Meet the Student Organizers Leading the 17th Trinity International Hip Hop Festival
The 17th Trinity International Hip Hop Festival is celebrating the 50th anniversary of hip hop this year. Held on the Trinity College campus from March 30 to April 1, 2023, the festival will showcase talent from Hartford and around the world. All of the events are free and open to the public.
Student organizers in the Trinity chapter of the Temple of Hip Hop sought to encompass the diverse culture of hip hop through a variety of scheduled workshops, concerts, and the popular breakdance battle. Adyanna Odom ’23, an international studies major with a concentration in global studies and global Hip Hop studies and a community action minor, and Tanzanikia Taylor ’23, a sociology major, are the co-lead organizers for the festival.
According to Odom, the Temple of Hip Hop opened the submission process in the fall semester to choose the performers and artists in this year’s lineup with the support of the Hartford community. Odom said, “We have listening parties every year. Through that party, we present all the artists who have submitted their work and it’s open to the public. The Trinity community and the Hartford community both come out and talk about who they want to see and hear, and whose messages stuck with them.”
The headliners for this year’s festival are DJ Zinhle from South Africa and DJs Amira and Kayla from the United States. The Temple of Hip Hop is partnered with the J Dilla Foundation and sponsored by Red Bull Dance.
Odom and Taylor share their insights on being student leaders for the Trinity International Hip Hop Festival, and how their experiences in the hip hop community have been cultivated at Trinity:
How did you first get interested in hip hop?
Odom: I’m from Houston, Texas. My mom is a hip hop fan, so I grew up listening to DJ Screw, who’s a Houston legend, and Tupac, all on cassette. My mom was always keeping up with the latest hip hop songs, and she’s a major supporter of the arts. She’d made sure we were always in arts programs in school, so I grew up around hip hop.
Taylor: I lived hip hop. I was a House DJ, so I grew up listening to a lot of DJ Frankie Knuckles and DJ Honey Dijon—those are the two biggest influences for me. Back home in Chicago, we have a vast arts scene with a lot of hip hoppers. I always knew that hip hop brought community wherever it went.
What significance does the Trinity International Hip Hop Festival have for you?
Odom: I didn’t know global hip hop studies was an academic field of research that people write books and publish articles about. Hip hop is bigger than just rap music, and is also graffiti and breakdancing. The festival is what taught me these things and gave me this knowledge of the larger cultural and revolutionary movement that hip hop really is.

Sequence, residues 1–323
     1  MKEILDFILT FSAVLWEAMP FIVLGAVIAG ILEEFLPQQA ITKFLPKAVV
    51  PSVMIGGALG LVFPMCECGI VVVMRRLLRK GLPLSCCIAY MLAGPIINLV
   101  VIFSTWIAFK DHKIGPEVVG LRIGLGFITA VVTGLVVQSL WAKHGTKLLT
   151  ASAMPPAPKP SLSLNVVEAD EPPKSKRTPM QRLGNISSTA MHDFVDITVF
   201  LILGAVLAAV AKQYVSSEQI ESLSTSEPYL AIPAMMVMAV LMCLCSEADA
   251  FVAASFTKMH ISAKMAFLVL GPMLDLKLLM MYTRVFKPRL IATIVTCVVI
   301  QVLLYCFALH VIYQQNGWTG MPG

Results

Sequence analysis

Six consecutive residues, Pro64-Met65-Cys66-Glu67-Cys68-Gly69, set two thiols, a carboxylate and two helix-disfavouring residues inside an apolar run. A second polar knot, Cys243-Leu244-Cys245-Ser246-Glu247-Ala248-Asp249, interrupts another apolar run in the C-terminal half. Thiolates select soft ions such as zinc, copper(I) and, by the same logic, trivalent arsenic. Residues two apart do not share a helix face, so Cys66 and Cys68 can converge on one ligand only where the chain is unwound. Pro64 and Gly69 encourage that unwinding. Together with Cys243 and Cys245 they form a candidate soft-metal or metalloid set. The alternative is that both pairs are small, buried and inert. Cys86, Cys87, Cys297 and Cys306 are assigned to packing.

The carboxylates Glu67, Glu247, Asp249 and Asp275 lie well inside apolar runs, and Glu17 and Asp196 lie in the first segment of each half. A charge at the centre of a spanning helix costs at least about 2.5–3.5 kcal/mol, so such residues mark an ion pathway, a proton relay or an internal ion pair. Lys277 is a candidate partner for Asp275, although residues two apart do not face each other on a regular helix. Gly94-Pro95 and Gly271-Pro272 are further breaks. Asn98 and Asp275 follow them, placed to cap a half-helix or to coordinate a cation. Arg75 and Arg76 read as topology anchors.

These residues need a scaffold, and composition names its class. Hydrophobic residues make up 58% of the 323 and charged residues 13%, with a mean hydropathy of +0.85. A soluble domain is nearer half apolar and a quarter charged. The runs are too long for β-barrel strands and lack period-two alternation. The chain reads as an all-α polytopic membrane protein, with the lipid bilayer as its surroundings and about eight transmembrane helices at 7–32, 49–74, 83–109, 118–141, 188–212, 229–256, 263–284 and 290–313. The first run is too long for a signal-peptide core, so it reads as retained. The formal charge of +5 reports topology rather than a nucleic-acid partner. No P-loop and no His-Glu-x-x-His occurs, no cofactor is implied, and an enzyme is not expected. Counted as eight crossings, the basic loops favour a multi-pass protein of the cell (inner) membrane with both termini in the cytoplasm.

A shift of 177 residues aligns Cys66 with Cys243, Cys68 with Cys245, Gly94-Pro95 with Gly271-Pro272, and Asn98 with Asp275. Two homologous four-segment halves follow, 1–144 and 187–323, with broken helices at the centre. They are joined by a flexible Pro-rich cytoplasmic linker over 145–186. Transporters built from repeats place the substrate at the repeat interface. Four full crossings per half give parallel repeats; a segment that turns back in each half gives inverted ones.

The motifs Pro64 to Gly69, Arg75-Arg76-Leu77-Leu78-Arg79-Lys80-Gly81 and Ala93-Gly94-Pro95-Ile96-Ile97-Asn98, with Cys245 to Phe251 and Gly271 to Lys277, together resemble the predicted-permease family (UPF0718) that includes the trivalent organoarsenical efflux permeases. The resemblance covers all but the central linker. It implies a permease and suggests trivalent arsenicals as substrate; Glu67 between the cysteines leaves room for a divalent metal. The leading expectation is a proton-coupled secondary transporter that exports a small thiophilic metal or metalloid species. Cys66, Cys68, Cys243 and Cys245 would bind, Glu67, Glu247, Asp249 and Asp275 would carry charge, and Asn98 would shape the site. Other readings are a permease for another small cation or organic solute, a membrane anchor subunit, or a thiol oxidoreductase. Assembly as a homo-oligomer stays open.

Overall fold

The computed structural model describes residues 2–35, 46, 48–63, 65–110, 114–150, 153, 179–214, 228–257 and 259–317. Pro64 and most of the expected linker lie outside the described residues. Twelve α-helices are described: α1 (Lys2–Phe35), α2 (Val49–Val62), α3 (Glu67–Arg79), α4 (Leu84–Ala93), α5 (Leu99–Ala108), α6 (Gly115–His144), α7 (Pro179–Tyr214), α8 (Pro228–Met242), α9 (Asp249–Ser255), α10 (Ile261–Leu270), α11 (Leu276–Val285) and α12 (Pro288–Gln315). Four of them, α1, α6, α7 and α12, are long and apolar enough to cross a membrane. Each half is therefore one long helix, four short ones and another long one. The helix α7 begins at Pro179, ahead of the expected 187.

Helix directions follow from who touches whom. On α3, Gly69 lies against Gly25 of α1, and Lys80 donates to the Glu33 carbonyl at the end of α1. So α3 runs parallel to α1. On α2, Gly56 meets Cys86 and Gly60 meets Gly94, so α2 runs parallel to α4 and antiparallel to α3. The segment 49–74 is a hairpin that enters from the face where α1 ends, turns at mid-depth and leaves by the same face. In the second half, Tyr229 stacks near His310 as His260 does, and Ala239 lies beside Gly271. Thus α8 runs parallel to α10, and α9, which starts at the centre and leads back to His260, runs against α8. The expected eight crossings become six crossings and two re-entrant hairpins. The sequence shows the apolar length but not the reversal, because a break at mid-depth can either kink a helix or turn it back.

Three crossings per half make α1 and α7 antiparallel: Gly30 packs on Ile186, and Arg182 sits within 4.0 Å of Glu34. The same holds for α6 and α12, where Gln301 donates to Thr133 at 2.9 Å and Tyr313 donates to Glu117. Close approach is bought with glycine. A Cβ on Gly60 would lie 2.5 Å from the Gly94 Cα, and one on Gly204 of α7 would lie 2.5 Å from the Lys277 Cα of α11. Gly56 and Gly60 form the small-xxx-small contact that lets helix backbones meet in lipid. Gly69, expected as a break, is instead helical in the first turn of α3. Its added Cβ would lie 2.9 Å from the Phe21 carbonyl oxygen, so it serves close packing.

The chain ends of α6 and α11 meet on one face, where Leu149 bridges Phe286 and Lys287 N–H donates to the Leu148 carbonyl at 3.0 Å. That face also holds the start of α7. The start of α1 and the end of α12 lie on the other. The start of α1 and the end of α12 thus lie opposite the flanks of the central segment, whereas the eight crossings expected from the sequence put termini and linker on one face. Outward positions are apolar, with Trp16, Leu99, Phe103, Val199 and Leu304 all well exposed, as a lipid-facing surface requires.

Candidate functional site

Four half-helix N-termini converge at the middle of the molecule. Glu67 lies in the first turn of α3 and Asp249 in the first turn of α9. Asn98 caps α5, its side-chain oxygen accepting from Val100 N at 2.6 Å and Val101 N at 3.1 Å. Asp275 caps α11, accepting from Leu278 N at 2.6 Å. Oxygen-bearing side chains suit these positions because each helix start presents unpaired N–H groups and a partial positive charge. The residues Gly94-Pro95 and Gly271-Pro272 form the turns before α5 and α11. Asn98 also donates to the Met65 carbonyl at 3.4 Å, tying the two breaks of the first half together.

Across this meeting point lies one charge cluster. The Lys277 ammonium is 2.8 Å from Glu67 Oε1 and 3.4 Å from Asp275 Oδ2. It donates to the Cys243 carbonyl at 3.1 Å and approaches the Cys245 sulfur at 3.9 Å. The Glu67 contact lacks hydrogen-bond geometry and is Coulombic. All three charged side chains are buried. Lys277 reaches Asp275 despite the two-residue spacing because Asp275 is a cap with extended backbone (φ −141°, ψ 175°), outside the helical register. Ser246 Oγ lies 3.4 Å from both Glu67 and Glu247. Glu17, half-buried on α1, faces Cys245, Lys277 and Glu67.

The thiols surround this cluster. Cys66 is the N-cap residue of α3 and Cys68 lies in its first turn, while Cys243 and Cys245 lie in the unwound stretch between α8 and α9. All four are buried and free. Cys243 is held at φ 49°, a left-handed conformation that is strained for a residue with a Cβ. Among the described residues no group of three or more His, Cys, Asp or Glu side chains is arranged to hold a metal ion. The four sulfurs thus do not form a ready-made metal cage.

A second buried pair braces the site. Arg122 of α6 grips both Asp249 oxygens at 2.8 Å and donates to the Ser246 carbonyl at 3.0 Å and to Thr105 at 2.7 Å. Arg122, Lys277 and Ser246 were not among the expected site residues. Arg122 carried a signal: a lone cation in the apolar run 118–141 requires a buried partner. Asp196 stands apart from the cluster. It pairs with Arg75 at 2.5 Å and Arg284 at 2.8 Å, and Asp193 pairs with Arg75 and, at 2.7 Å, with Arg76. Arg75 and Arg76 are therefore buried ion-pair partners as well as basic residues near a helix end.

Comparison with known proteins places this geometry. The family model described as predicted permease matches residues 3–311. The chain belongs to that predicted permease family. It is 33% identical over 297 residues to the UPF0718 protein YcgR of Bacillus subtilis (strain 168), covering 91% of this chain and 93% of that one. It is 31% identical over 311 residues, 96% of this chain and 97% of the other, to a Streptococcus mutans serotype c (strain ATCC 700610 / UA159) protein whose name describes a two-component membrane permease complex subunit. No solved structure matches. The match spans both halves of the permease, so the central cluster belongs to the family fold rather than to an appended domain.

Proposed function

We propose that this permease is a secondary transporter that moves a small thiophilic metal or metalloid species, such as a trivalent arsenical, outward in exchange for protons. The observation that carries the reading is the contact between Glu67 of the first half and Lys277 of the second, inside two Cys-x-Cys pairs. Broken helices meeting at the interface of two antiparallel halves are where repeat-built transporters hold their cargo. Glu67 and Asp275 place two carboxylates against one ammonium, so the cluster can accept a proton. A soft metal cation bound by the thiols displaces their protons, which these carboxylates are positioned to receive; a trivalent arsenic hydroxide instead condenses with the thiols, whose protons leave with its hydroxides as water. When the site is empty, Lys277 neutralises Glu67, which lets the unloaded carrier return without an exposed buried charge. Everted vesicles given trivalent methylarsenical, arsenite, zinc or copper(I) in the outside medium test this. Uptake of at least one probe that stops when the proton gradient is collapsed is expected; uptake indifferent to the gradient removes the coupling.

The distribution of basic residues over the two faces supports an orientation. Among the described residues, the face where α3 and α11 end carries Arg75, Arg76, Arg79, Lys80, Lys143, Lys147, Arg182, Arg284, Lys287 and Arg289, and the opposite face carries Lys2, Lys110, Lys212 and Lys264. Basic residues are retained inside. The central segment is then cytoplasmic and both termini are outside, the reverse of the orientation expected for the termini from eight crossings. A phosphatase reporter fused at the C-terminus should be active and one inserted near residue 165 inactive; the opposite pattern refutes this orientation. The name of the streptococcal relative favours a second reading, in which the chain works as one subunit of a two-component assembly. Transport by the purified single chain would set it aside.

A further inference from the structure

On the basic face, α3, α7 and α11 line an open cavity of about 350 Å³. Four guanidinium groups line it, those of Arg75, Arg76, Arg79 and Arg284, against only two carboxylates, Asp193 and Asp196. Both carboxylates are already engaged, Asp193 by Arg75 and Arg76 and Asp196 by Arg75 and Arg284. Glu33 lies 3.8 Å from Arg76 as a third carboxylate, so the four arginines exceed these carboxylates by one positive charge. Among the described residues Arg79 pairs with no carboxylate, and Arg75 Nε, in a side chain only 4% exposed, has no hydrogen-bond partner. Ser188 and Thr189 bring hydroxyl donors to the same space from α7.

What are your favorite memories or performances you’ve seen at the Trinity International Hip Hop Festival?
Taylor: One of my favorite sections of the festival is actually the Youth 4 Change Showcase. There are really talented kids in Hartford, and every year they come back with the healthy chip on their shoulder to prove that they deserve to be here just as much as everybody else in any other section in this festival.
Odom: It’s given me a unique appreciation for the process. I don’t think people understand that the students that work on the festival birth their ideas from scratch. There’s no blueprint. I love the process of seeing people grow into their ideas and bring them to life. That is so rewarding to me, knowing that I was a resource and able to help someone bring something to fruition.
What events or performances are you most excited about this year?
Odom: This year, our breakdance battle is sponsored by Red Bull Dance, and that’s what I’m most excited to see. In the past years, we’ve been doing what we can to throw it together, and with this new sponsorship, they’re just bringing more quality equipment for the dancers to use. Having this new and better-quality system is just going to create crazy breakdance battles this year.
Taylor: Even though I’m a DJ and love music and sound, my favorite part of the festival to see live is breakdancing. A lot of people don’t know that breakdancing is a great way to resolve conflict. Instead of fighting, you dance. I think that’s one of the healthiest forms of conflict resolution that I personally love to see, and it’s cool to see people do things that you know you couldn’t do yourself. I can’t spin on my head for five seconds straight, but they can. I also really love graffiti, too—the way in which graffiti rebels against beautification.
How did you choose who to invite as this year’s headliners?